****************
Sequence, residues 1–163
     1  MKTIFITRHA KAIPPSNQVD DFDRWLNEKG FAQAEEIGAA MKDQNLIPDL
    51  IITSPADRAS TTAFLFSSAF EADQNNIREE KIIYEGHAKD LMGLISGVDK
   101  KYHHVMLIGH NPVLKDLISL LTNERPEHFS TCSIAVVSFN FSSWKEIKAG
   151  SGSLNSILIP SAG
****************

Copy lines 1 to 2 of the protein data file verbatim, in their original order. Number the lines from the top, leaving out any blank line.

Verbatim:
Sequence, residues 1–163
     1  MKTIFITRHA KAIPPSNQVD DFDRWLNEKG FAQAEEIGAA MKDQNLIPDL